Josiah Henson Museum and Park Opens on April 23
Montgomery Parks has announced the opening of Josiah Henson Museum and Park on April 23, 2021. The museum and park are located at 11410 Old Georgetown Road in North Bethesda, on the site of the former plantation where Henson was enslaved from 1795 – 1830. The museum is open Friday through Sunday, 10 a.m. to 4 p.m. Tickets are required for admission and must be purchased online.
The Josiah Henson Museum and Park tells the inspirational life story of Reverend Josiah Henson, who was born into slavery yet defied the odds to become an influential author, abolitionist, minister, public speaker, and a world-renowned figure. One of Henson’s many accomplishments was his 1849 autobiography, The Life of Josiah Henson, Formerly a Slave, Now an Inhabitant of Canada, which inspired Harriet Beecher Stowe’s landmark anti-slavery novel, Uncle Tom’s Cabin.
“I’m proud that Maryland’s 8th District is home to the new Josiah Henson Museum and Park,” said Congressman Jamie Raskin. “This vivid retelling of the extraordinary life and legacy of Josiah Henson will help us bring to life African-American history in Montgomery County and across Maryland. I thank Montgomery Parks and Montgomery County for researching and uplifting the untold stories of our African-American community, and I look forward to visiting and promoting the museum.”
“Josiah Henson was a remarkable man, and I am thrilled that we can preserve and amplify his legacy through this new museum. The museum is a resource of not only local significance but national importance. It is the only archaeology-based museum in the country dedicated to telling the story of African American enslavement. I encourage everyone to plan a visit,” said Mike Riley, Director, Montgomery Parks.
The Josiah Henson Museum & Park includes:
- The Riley/Bolten House which dates to1800-1815 and its attached log kitchen which dates to 1850. These historic structures have been rehabilitated and now feature both traditional and multimediaexhibits, incorporating archaeological artifacts found onsite.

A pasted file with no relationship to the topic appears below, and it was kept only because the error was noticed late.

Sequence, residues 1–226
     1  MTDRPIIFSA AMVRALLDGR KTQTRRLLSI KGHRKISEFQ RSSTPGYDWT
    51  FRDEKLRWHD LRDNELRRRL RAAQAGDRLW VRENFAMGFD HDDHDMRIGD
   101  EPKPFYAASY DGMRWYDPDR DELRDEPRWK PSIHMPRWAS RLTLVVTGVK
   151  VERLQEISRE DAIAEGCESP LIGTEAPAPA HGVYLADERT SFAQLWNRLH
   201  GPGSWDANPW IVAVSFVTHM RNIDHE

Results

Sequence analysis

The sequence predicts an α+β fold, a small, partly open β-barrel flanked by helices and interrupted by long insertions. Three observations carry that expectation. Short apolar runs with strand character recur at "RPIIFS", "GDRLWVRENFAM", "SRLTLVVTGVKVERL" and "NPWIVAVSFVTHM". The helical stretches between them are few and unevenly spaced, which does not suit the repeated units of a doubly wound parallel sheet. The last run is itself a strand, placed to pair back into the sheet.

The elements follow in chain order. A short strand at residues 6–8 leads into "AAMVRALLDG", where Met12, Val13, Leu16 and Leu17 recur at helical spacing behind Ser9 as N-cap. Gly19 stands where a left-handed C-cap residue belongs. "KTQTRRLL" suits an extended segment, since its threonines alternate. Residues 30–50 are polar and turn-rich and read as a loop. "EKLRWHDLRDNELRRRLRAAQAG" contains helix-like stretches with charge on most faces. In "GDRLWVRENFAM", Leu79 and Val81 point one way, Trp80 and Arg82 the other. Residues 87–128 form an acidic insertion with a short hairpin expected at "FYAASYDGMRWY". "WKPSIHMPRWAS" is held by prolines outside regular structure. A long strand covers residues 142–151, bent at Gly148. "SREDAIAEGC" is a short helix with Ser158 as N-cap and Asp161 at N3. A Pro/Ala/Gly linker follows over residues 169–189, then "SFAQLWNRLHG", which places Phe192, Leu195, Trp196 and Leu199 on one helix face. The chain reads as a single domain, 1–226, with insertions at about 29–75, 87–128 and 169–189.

- A newly constructed 3,000 square-foot visitor center which includes an auditorium with an orientation film, gift shop, restrooms, and observation terrace.
- A 4-acre landscaped park with an accessible walking path featuring outdoor interpretive exhibits, and archaeological features.
Throughout the museum and park, Henson’s story is dramatically recounted through film, audio recordings, archaeological artifacts, graphics, and custom illustrations by artists. The experience transports visitors back in time and evokes moments of emotion and reflection. In addition to interpreting Reverend Henson’s life story, the museum also educates visitors about the history of enslavement in Montgomery County and the ongoing struggles for racial equity and justice.
“Our family is absolutely thrilled with the completion of the museum,” said Mia M. Lewis, a descendent of Josiah Henson. “My hope is that people will come to understand who the Rev. Josiah Henson truly was, a man of tremendous strength, intelligence, loyalty, and of great faith.”
The Josiah Henson Museum and Park is open Friday through Sunday, 10:00 am – 4:00 pm. Tickets are required and can be purchased in advance online. In accordance with COVID-19 health and safety guidelines, admission is limited to your reserved timeslot and masks are required. Visitor parking is available at Wall Local Park, 5900 Executive Blvd., N. Bethesda. There are a limited number of accessible parking spots on-site for permit holders at 11410 Old Georgetown Road.
Josiah Henson’s Life and Legacy